New York State Recognized for Outstanding Leadership in Deer Management
New York State Department of Environmental Conservation (DEC) Commissioner Basil Seggos today announced that DEC was recognized as 'Agency of the Year' by the National Deer Association (NDA) for the state's leadership in white-tailed deer management. This national award recognizes DEC's successful deer management program and efforts to involve New York hunters in the planning and management process.
"Driven by science with public input, DEC has developed a Deer Management Program that benefits deer, deer habitat, and New Yorkers," Commissioner Seggos said. "We are constantly exploring new ways to address overabundant deer populations while increasing hunting opportunities. It is an honor to be recognized by the National Deer Association for these ongoing efforts."
"A quick comparison to other states shows just how successful and diverse New York's deer management program is," said Kip Adams, NDA's Chief Conservation Officer. "The New York State Department of Environmental Conservation has gone the extra mile in the past year to address limitations regarding hunter opportunity, suburban hunting, deer overabundance, and their integration of setting deer population objectives using social and biological science ranks among the highest in the country."
Agencies that received the NDA's award in the past boast a record of innovative and progressive deer management, initiating positive change through science, regulation, and hunter involvement. DEC's Deer Management Plan, released in June 2021, guides management actions to balance the diverse values of the public with the biological and ecological needs and impacts of deer.
Some significant elements of the plan include integrating data of deer impacts on forests with public preferences for deer population changes to set deer population trajectory objectives; furthering protections against introduction or spread of Chronic Wasting Disease (CWD), and recommending hunting-related changes to strategically increase antlerless harvest where needed and to provide additional hunter opportunity. DEC's deer program worked with researchers to develop a simple protocol for landowners to monitor deer vegetation impacts on their property (Assessing Vegetation Impacts from Deer - AVID), and deer biologists worked with municipalities across the state to implement management programs tailored to their communities.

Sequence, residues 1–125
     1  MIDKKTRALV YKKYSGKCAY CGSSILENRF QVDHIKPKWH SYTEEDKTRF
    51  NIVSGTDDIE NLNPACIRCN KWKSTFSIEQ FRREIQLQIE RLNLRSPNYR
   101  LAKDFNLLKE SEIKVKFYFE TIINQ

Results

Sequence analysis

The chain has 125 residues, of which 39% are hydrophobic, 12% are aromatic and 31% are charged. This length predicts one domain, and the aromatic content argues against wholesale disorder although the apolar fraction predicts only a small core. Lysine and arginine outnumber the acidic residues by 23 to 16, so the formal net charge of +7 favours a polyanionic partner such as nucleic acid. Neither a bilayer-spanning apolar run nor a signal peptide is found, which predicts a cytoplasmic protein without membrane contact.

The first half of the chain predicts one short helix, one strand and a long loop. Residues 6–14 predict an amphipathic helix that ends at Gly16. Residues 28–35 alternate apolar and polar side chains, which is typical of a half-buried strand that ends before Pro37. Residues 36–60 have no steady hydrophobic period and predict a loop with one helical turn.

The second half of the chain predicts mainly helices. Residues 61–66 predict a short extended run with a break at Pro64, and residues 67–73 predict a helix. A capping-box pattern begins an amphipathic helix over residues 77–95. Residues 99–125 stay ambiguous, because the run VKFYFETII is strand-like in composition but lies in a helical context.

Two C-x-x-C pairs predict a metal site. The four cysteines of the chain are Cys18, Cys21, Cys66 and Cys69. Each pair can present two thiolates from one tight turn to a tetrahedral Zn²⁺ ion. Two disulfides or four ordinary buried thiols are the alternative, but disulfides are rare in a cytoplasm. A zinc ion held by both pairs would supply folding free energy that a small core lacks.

This past year, DEC worked with the Governor and Legislature to reduce the minimum age for deer hunting with a firearm from 14 to 12. DEC also continued the successful Let Young Bucks Go and Watch Them Grow program, expanded deer hunting hours to 30 minutes before sunrise and 30 minutes after sunset, and implemented requirements to wear hunter orange or pink during big game season to improve hunter safety. DEC continues to work diligently to obtain input from the hunting community and public in administering a deer management program that controls deer populations, optimizes recreational opportunities for New Yorkers, and manages disease risks.
DEC also congratulates Dr. Krysten Schuler for being recognized by the National Deer Association as the Professional Deer Manager of the Year and her integral work as part of DEC's wildlife health program. Dr. Schuler was recognized for her leadership in managing and slowing the spread of CWD nationally and her substantial contributions to CWD prevention in New York. Dr. Schuler is a wildlife disease ecologist, assistant research professor at Cornell University's Wildlife Health Lab. In addition to her work with CWD, Dr. Schuler is closely involved with DEC wildlife programs, providing expertise in DEC's assessment of impacts of lead ammunition, monitoring of mange in black bears, research on juvenile moose health and survival, and contaminants in waterfowl.
"DEC is fortunate to have Dr. Schuler in New York, and we join the NDA in recognizing her contributions to deer management and wildlife health in New York and nationally," Commissioner Seggos said. "As this year's awards demonstrate, New Yorkers are leading the way to ensuring a healthy deer population now and into the future."
DEC Fish and Wildlife Technician Annie Swanson at
a deer check station earlier this hunting season